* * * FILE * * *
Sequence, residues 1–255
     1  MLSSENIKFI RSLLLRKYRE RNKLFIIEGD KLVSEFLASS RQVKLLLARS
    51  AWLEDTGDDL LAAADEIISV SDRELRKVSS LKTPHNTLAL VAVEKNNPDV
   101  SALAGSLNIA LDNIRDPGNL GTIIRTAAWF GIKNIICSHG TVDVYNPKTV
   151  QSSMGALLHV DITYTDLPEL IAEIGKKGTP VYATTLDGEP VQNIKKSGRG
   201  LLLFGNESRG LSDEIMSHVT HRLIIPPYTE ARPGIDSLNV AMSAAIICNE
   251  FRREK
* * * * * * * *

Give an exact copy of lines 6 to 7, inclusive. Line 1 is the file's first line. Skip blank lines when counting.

   201  LLLFGNESRG LSDEIMSHVT HRLIIPPYTE ARPGIDSLNV AMSAAIICNE
   251  FRREK